Kingston Students and Staff Give Back to the Community
KCSD Food Services Director Dave Dunn, along with ten Kingston High School Life Skills students, is preparing a holiday feast for 60 District families this month. Chef Dunn and the students have been busy packing 50-pound boxes with everything needed to enjoy a holiday meal.
The boxes include turkeys, side dishes, stuffing, gravy, green beans, breakfast foods, and snacks. Also included is a variety of fresh, locally grown winter vegetables donated by the Hudson Valley Farm Hub. In addition to the Thanksgiving meal box, families who participate in the school’s Backpack Program will also receive a food box to supplement meals over the school break. Backpack food programs offer families free groceries for weekends and school breaks which include healthy, easy-to-prepare food for kid-friendly meals.
Every week throughout the school year, Kingston High School Special Education teachers Donna Wolf and Julie Machung work with students in their Life Skills and vocational classes to pack bags for the Backpack Program. The tasks the students take on help to develop life and job skills. “All my hard work pays off by giving the kids food,” said Garrett, a student at Kingston High School who helps with the program. “I learn how to organize different kinds of food, create stations, and get the food off to the kids.”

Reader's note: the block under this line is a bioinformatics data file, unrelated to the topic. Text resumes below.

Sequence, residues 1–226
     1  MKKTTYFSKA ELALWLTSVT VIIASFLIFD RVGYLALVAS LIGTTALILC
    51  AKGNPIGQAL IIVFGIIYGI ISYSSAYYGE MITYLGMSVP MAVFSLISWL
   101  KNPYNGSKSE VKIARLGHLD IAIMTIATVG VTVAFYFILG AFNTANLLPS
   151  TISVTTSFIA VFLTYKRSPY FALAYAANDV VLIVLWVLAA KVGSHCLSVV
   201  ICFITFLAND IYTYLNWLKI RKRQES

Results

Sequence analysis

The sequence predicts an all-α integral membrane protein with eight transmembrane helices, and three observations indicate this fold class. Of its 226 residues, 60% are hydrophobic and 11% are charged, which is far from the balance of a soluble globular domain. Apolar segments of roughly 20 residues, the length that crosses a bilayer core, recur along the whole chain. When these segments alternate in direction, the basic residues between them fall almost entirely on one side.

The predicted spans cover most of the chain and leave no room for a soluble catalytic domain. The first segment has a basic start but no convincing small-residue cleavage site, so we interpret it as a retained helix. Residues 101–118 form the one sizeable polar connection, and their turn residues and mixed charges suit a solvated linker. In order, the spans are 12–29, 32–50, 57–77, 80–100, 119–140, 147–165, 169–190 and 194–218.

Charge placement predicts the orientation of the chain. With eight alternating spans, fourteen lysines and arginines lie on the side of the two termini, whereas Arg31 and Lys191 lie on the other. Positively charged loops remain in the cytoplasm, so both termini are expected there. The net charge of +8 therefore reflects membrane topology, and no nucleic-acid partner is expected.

“It is brilliant that we are helping these students and families,” said his classmate, Nick. “It feels like I am doing a good deed by doing this. I got pretty good at bagging and helping everyone out doing their jobs. I can't wait to help out more students and families. I like to make people happy and see smiles on everyone's faces.”
Wolf and Machung said their students have enthusiasm for not only the tasks, but also the bigger framework of its purpose. “We see a huge difference in their skills from last year,” said Wolf. “They know exactly what has to be done. The job skills are important because we want them to be successful after high school.”
The weekly activity has increased the students’ awareness of hardships such as homelessness, poverty, unemployment, lack of transportation, and the rise in food prices. The teachers work with the students to create personal connections to the initiative. “Some students have talked about their own frustrations when running out of available snacks or recalled financially challenging times in their households that resulted in less food at home,” said Machung. “We are doing this to increase their awareness of what’s happening in our world and how many people are in need.”
Chef Dunn is happy to help District families in need during the holidays and throughout the school year. “Kingston had eight to ten feeding and meal sites in coordination with other school programs. I am currently sourcing food and funding to supply additional holiday meals and supplemental food to help sustain families in need for the winter and spring breaks while the schools are closed,” he said.
Students and families who may be in need of supplemental food from the Backpack Program and the holiday meal boxes are identified by school social workers and staff. Both the dignity and privacy of the recipients are important facets of the program. To offer donations or if you know of a family who needs meal support, please contact Chef Dunn at email@example.com.